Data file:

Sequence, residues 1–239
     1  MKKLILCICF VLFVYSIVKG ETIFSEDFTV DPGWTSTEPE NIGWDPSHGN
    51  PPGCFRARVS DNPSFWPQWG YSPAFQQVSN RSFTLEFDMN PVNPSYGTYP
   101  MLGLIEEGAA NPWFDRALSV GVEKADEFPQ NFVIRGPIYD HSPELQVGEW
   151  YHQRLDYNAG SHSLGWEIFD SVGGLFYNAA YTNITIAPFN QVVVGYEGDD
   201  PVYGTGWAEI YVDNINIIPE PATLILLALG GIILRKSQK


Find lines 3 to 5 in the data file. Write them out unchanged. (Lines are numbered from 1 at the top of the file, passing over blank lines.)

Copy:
    51  PPGCFRARVS DNPSFWPQWG YSPAFQQVSN RSFTLEFDMN PVNPSYGTYP
   101  MLGLIEEGAA NPWFDRALSV GVEKADEFPQ NFVIRGPIYD HSPELQVGEW
   151  YHQRLDYNAG SHSLGWEIFD SVGGLFYNAA YTNITIAPFN QVVVGYEGDD